Today, the Guttmacher Institute reported that the abortion rate in the United States reached its lowest level since 1973, the year that the Supreme Court decided Roe v. Wade. But to the extent that either side can claim any victory in this landmark, credit should go to reproductive rights groups, not anti-abortion activists. In fact, foes of abortion have opposed most every single public policy that contributes to lowering the abortion rate in America.
Of course, the best example is contraception. Conservatives have been apoplectic about a requirement under Obamacare that private insurance companies must provide affordable access to contraception. It would be one thing if the contraception outrage were merely manufactured as an excuse to undermine Obamacare as a whole—the “War on Women” simply as pretext for the “War on Obamacare.” But the puritanical conservative fervor against contraception seems far more genuine, for instance when Former Republican governor and presidential candidate Mike Huckabee recently suggested that women need contraception because “they cannot control their libido.” Another Republican presidential candidate, Sen. Rick Santorum, thinks contraception is “not okay” and that the Supreme Court decision guaranteeing contraception access to married couples should be overturned. And House Republicans have pushed measure after measure to restrict contraception access, including such threats as a component of the Republican shutdown of government last fall.
It probably goes without saying, but just in case ... contraception reduces unintended pregnancies, which in turn reduces the need for abortions. That probably doesn’t need further explanation, but just in case … Fox News reported on a study that found: “Free birth control led to dramatically lower rates of abortions and teen births.”
So why aren’t supposedly anti-abortion conservatives championing affordable access to contraception, rather than condemning it? Prior to Obamacare, the high cost of contraception was prohibitive for many women. Many reported trying to save money by irregularly taking the pill or changing to a less effective method of contraception. Now, thanks to Obamacare, at least 27 million women have affordable access to effective birth control. Which means fewer abortions. Shouldn’t conservatives be cheering that development, not trying to attack it?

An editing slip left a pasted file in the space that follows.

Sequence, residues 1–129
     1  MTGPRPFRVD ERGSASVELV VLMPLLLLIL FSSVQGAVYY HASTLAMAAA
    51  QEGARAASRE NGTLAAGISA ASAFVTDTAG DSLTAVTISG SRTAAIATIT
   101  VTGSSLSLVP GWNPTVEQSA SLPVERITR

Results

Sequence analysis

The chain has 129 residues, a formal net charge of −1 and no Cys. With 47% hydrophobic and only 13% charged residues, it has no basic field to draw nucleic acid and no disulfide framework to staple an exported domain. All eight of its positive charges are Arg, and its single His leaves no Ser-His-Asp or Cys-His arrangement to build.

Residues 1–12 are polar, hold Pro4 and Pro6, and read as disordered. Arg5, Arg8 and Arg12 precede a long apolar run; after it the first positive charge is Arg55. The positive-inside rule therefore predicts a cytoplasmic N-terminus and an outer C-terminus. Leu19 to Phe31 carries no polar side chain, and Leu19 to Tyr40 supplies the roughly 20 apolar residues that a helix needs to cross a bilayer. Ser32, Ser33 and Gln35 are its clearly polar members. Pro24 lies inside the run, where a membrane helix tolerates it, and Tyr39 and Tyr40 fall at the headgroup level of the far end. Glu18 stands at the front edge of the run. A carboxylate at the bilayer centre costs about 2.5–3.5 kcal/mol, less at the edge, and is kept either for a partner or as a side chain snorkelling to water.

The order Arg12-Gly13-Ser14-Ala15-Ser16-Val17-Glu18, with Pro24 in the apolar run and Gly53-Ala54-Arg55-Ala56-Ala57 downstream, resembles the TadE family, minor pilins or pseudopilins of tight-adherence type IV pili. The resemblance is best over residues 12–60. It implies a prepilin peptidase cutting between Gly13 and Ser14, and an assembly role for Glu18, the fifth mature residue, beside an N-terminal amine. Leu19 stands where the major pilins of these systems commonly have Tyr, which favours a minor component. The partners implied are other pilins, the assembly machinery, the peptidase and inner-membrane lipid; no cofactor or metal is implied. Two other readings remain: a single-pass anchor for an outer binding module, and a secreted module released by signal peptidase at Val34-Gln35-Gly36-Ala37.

Then there’s sex education. According to the National Survey of Family Growth, teens who received comprehensive sex education were 50 percent less likely to experience pregnancy than those who received abstinence-only education. And yet conservatives have been pushing abstinence-only education for a generation, prioritized—and funded—by the federal government under President George W. Bush. Why? Out of some puritanical idealism that if you tell teens not to have sex, they won’t—instead of basing policy on the reality that teens will have sex either way, and so better to equip them with information to be safe and healthy. Oh, and if we don’t want teen pregnancies, better to teach teens how not to get pregnant. Doy. But conservatives continue to press for abstinence-only education nationwide.
Then there are things that would make it easier for women who get pregnant to have and raise children that conservatives also oppose. For instance, raising the minimum wage. Women are disproportionately paid the minimum wage—currently just $7.25 an hour federally, which hasn’t been raised since 2007. Meanwhile, women with family incomes below the federal poverty level account for more than 40 percent of all abortions and have a higher abortion rate compared with women in other income groups. It’s not surprising that women who can barely make ends meet as is would not feel they can have a child, let alone afford the medical costs and lost wages of carrying a pregnancy to term. Conservatives oppose public spending to ease the hardship of poor women, cutting funds for food stamps and housing assistance.
Conservatives also oppose access to contraception and abortion for poor women as well. And conservatives don’t even want Medicaid to pay for poor women’s maternity care. So what’s left? Oh, right—abstinence. The same policy that isn’t working with teenagers, only even more patronizing when applied to grown women.
Four in 10 unintended pregnancies in America lead to abortion. In Texas, newly enacted restrictions on abortion access have apparently not led to a drop in abortions but rather a surge in self-abortion disasters suggesting that women who feel they need abortions will take desperate measures if safe and legal options are not available. So if we truly want to reduce the number of abortions in America, we need to lower the rates of unintended pregnancies—with access to contraception and comprehensive sex education—and/or make it more possible for women to have and raise children if they choose, by increasing wage and income supports, especially for low-income women. That is a simple formula. Why are conservatives doing everything they can to oppose these policies—and to drive up the abortion rate in America?